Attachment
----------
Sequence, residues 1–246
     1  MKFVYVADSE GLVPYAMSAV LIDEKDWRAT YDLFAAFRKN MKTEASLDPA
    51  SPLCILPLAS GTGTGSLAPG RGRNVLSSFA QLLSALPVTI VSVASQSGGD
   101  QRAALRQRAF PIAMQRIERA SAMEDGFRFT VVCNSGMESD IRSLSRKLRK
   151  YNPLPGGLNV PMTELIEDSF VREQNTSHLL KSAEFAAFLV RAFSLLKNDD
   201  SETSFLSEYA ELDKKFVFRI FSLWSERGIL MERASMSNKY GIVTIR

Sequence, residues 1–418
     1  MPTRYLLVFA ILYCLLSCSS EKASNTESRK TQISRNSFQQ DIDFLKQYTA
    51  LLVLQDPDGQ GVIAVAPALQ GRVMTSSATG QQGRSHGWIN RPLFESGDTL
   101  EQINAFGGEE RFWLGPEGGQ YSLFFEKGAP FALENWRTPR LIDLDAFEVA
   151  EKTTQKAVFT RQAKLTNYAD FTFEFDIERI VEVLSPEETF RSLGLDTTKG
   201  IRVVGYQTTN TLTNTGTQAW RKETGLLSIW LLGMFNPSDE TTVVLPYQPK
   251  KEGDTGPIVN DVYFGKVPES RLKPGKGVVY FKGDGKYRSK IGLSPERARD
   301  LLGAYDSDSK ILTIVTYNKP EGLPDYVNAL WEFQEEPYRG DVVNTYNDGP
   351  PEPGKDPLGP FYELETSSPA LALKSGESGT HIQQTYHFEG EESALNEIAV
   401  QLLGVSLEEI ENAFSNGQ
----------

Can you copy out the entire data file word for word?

Sequence, residues 1–246
     1  MKFVYVADSE GLVPYAMSAV LIDEKDWRAT YDLFAAFRKN MKTEASLDPA
    51  SPLCILPLAS GTGTGSLAPG RGRNVLSSFA QLLSALPVTI VSVASQSGGD
   101  QRAALRQRAF PIAMQRIERA SAMEDGFRFT VVCNSGMESD IRSLSRKLRK
   151  YNPLPGGLNV PMTELIEDSF VREQNTSHLL KSAEFAAFLV RAFSLLKNDD
   201  SETSFLSEYA ELDKKFVFRI FSLWSERGIL MERASMSNKY GIVTIR

Sequence, residues 1–418
     1  MPTRYLLVFA ILYCLLSCSS EKASNTESRK TQISRNSFQQ DIDFLKQYTA
    51  LLVLQDPDGQ GVIAVAPALQ GRVMTSSATG QQGRSHGWIN RPLFESGDTL
   101  EQINAFGGEE RFWLGPEGGQ YSLFFEKGAP FALENWRTPR LIDLDAFEVA
   151  EKTTQKAVFT RQAKLTNYAD FTFEFDIERI VEVLSPEETF RSLGLDTTKG
   201  IRVVGYQTTN TLTNTGTQAW RKETGLLSIW LLGMFNPSDE TTVVLPYQPK
   251  KEGDTGPIVN DVYFGKVPES RLKPGKGVVY FKGDGKYRSK IGLSPERARD
   301  LLGAYDSDSK ILTIVTYNKP EGLPDYVNAL WEFQEEPYRG DVVNTYNDGP
   351  PEPGKDPLGP FYELETSSPA LALKSGESGT HIQQTYHFEG EESALNEIAV
   401  QLLGVSLEEI ENAFSNGQ